Tomorrow’s much anticipated Rugby Championship test match between New Zealand and South Africa marks the 100th match between the two bitter rivals in world rugby. The two nations played their very first test in Dunedin back in 1921.

New Zealand will go into this encounter as overwhelming favourites given the current form of the two teams, and the head-to-head record between the two nations.

Due to the last COVID-19 disruptions, the 100th test will be played at an unlikely venue of Townsville in Queensland on Saturday. It was intended the occasion should be celebrated in Dunedin this year, but again the COVID-19 pandemic disrupted the best-laid plans.

Other nations have played each other well over 100 times, but none have managed to provide the drama, controversy, and epic moments that the All Blacks and Springboks have given through their 100 years.

After suffering back-to-back losses to Australia, Siya Kolisi says his team must execute their plan better if they are to cause an upset against the All Blacks.

“It’s something that we have done before. We are not being asked to do something we’ve never done before. So, that’s why I’m saying it’s another test match and we are being asked to do something we’ve done before. A lot of the guys in the team have won against the All Blacks. Yes, those things do require confidence on them that’s why we work so hard.”

Before the 1981 series, South Africa recorded the highest number of wins with 19 victories to 13 for New Zealand with two drawn. But after 1981, New Zealand has recorded 46 victories, South Africa has won just 16, with two matches ending in a draw.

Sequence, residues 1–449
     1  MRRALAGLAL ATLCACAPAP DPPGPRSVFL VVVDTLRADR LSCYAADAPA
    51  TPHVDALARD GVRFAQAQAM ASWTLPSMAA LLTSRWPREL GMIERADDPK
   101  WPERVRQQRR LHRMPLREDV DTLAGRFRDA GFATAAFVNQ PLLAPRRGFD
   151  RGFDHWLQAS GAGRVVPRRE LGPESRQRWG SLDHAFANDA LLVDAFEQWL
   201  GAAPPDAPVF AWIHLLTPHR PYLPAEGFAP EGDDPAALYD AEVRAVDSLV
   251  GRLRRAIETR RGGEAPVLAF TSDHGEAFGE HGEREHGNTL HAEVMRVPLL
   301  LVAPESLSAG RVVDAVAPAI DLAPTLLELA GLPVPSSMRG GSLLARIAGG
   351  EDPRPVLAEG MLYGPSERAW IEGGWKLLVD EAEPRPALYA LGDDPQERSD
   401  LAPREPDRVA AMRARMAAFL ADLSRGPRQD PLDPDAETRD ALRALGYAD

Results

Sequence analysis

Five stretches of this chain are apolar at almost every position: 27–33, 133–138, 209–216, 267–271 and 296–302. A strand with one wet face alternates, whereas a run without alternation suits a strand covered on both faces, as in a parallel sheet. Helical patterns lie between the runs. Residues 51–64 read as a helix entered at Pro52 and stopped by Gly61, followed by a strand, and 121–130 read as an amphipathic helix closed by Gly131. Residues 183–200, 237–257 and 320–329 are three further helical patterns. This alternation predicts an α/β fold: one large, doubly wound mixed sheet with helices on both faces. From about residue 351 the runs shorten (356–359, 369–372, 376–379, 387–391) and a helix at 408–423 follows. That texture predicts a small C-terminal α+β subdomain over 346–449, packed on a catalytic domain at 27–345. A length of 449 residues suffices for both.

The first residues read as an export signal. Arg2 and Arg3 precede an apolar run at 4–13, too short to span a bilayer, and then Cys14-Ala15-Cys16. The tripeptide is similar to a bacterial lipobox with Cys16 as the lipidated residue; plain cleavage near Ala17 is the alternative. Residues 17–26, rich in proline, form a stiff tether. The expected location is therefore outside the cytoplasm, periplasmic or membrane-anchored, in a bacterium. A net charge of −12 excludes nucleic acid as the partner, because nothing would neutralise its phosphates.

Kolisi says they cannot afford to disappoint the nation.

“We can’t lie about it. We know how important rugby is and every game to us is important. As a team, we’ve got our plans, our own system, our own goals, motivations. But as players, we know what people at home are expecting, what people at home want to see happen tomorrow and that’s the stuff we deal with.”

Since their first Rugby World Cup tournament in 1995, the Boks have won the Webb Ellis trophy three times. The two teams have met five times in the tournament since their first clash in the 1995 extra-time final. South Africa has won twice and New Zealand three times, the most recent being in their pool game at the 2019 event in Japan, where the All Blacks were the only side to beat the world champions.

The Freedom Cup will also be at stake between South Africa and New Zealand, according to Springbok assistant coach Mzandile Stick.

“Any opportunity we can get, you know, to win a silverware, we will take that offer, you know. So, it’s massive for us, more especially playing against the All Blacks – one of the best teams in the world. So, of course, the guys are up for the challenge and it would be great for us to win that trophy. More especially, as you guys back home are celebrating Heritage Day now. So, it would be really nice for us as a country, you know, to have some smiles on our faces. So that we can enjoy the braais with a good win over the All Blacks. So yes, of course, we wanna win this game and it would be great to win the trophy.”

Considering that the centenary match will be played in Australia, New Zealand enjoy a better success rate in that country.

The All Blacks have played 96 Tests in Australia winning 60 with six drawn, while South Africa has played 46 Tests with 16 wins and two draws.

Since the game went professional in 1996 New Zealand has won 41 Tests to 14 with one drawn.